What’s In A Name?
That which we call a rose would smell as sweet.
Not long ago, while picking up my nine-year-old daughter from a play date, I found myself standing in the kitchen of her friend’s house, writing a check for one thing or another, the Girl Scouts, soccer or PTA. As I placed the check on the table, my daughter’s little friend picked it up, read it, then asked:
“Why is your last name different from Christina’s?”
“Well,” I responded, happy to elucidate the options available to modern women.
“When a woman gets married, she has a choice concerning her last name. She can choose to take her husband’s name, to keep her own name, or to somehow hyphenate the two names.”
Thinking the conversation had ended, I gathered my purse, Christina’s backpack and headed toward the door.
“But wait,” she said. “Why did you choose to keep your own name?”
All of a sudden the din in the kitchen subsided and many sets of eyes were on me, including the parents of this nine-year-old. At a loss for words, I froze.
Back when my friends and I were getting married in droves, in the early to mid-nineties, this was a topic of conversation that we engaged in with frequency. Many women, while grateful for the “choice” that lay before them, struggled with what to do for a name after marriage: keep, hyphenate or change to his. These scenarios were mulled over many times, from many perspectives be they professional, feminist or practical.
For me, this was not a difficult choice: I would keep my name. In fact, I remember quipping that “I’m getting married, not adopted.”
Keeping my name meant more to me than that smart-alecky reply reflected – it represented an attachment to a composite identity of who I was in the world up to that point: daughter, sister, friend, employee, colleague, graduate student, instructor, and partner. All of these comprised Lisa Gibalerio. To scratch it all and start over just felt like a lot to ask, of not only me, but of all women.
This felt true especially since, upon marrying, men typically do not make any name adjustments whatsoever. I have always found this inequity irksome. I remember thinking, "We are both getting married, why should just my name change?" Either both names change, I reasoned, or both remain the same.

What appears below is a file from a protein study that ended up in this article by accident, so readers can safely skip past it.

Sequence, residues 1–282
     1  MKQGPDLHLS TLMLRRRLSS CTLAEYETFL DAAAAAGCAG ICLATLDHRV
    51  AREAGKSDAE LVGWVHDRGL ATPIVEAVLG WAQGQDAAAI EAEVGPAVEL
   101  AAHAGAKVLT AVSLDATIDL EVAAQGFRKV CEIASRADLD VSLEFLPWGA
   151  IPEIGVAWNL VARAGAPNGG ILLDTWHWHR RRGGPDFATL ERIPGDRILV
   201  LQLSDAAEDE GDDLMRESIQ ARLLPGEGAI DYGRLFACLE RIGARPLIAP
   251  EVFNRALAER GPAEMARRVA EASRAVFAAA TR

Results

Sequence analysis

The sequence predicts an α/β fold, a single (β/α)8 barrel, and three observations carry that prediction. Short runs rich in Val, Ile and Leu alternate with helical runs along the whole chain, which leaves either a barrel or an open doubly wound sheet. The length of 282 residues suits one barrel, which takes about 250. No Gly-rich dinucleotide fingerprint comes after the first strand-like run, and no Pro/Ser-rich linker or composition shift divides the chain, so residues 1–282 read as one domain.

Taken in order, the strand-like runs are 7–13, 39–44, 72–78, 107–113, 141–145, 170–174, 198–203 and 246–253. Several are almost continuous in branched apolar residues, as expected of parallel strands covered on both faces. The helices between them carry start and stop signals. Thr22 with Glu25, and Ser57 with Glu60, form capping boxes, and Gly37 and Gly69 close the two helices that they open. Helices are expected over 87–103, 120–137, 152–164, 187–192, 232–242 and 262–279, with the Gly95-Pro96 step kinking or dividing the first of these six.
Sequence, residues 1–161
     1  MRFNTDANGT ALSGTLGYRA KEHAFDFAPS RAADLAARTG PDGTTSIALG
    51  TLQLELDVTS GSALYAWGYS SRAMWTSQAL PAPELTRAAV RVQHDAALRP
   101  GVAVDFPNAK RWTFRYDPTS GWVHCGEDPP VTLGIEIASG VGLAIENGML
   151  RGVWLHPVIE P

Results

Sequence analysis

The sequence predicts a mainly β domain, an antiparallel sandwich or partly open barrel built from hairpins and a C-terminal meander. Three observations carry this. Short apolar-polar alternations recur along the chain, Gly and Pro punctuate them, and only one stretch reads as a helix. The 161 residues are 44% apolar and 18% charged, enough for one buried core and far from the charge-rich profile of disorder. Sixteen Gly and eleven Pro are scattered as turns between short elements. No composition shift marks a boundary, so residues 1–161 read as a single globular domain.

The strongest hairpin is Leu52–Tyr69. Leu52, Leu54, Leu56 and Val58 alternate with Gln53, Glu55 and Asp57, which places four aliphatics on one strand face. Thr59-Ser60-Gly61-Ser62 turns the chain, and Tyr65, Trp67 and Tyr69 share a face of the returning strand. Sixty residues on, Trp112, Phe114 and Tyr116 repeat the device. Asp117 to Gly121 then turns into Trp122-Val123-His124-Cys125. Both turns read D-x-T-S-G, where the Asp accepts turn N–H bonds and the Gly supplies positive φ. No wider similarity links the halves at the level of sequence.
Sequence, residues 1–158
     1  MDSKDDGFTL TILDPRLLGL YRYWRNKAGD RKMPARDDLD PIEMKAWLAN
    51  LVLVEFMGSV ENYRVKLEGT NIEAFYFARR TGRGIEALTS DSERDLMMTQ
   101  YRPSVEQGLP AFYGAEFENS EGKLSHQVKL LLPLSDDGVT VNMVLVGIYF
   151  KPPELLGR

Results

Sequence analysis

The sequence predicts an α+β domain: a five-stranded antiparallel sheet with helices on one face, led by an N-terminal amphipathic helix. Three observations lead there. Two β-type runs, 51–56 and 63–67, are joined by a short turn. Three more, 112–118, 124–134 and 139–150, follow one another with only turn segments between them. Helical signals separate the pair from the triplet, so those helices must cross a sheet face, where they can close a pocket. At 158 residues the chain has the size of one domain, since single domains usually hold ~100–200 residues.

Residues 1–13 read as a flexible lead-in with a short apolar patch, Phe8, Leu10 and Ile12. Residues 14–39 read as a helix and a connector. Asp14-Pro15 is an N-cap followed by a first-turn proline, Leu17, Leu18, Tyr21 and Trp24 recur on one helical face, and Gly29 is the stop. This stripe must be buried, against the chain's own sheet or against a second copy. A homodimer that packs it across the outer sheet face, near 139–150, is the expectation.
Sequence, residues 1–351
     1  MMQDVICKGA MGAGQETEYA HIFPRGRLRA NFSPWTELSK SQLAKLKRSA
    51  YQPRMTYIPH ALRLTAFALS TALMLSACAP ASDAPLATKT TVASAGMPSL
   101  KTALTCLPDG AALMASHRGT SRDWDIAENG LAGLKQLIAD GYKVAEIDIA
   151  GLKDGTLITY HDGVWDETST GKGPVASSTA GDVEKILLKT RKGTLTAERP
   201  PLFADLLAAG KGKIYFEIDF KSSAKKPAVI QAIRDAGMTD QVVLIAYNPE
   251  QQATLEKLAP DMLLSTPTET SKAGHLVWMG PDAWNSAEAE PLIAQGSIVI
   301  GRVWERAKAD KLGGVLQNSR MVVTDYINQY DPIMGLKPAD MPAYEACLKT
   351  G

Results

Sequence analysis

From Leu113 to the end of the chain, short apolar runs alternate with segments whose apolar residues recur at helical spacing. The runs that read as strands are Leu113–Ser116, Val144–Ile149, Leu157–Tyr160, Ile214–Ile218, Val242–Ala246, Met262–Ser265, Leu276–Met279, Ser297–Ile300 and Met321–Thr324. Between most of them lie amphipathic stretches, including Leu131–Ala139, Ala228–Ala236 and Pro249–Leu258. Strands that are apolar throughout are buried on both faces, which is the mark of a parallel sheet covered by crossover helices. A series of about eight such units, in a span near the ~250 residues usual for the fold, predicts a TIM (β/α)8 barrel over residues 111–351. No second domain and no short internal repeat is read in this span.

Then there was the historical perspective. The name change (I was painfully aware), dates back to a time when women were transferred, as a piece of property, from father to husband. On the day of the wedding ceremony, the father "gives away" his daughter, the bride, to the groom. As you may have guessed, I also eschewed this tradition for purely symbolic reasons; my decision to join my life with this man was not a property transfer transaction and I am not anyone’s possession.
Finally, I was not willing to give up such a rare name. I remember when I first Google-searched my name from a nation-wide database, only four or five Gibalerios surfaced and they were all related to me: a father, brother, sister, cousin and uncle.
But, as I stood in that suddenly-quiet kitchen, eyes locked with this inquisitive third grader, I could not access any of these matrimonial artifacts. It all felt like the grist from conversations that, while once important, occurred very long ago.
“I kept my name,” I finally managed to reply, “because a name is an essential part of who a person is, because it is a unique name, and because it was mine to keep.”
“Oh,” she said, and turned away to offer her goodbyes to my daughter, who was waiting patiently by the door.
Not so complicated after all.